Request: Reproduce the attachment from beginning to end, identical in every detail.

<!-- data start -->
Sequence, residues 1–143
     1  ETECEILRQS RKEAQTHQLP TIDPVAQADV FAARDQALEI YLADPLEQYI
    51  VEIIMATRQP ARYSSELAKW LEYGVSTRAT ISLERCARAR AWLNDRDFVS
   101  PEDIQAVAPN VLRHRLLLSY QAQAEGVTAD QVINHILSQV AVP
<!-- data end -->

Sequence, residues 1–143
     1  ETECEILRQS RKEAQTHQLP TIDPVAQADV FAARDQALEI YLADPLEQYI
    51  VEIIMATRQP ARYSSELAKW LEYGVSTRAT ISLERCARAR AWLNDRDFVS
   101  PEDIQAVAPN VLRHRLLLSY QAQAEGVTAD QVINHILSQV AVP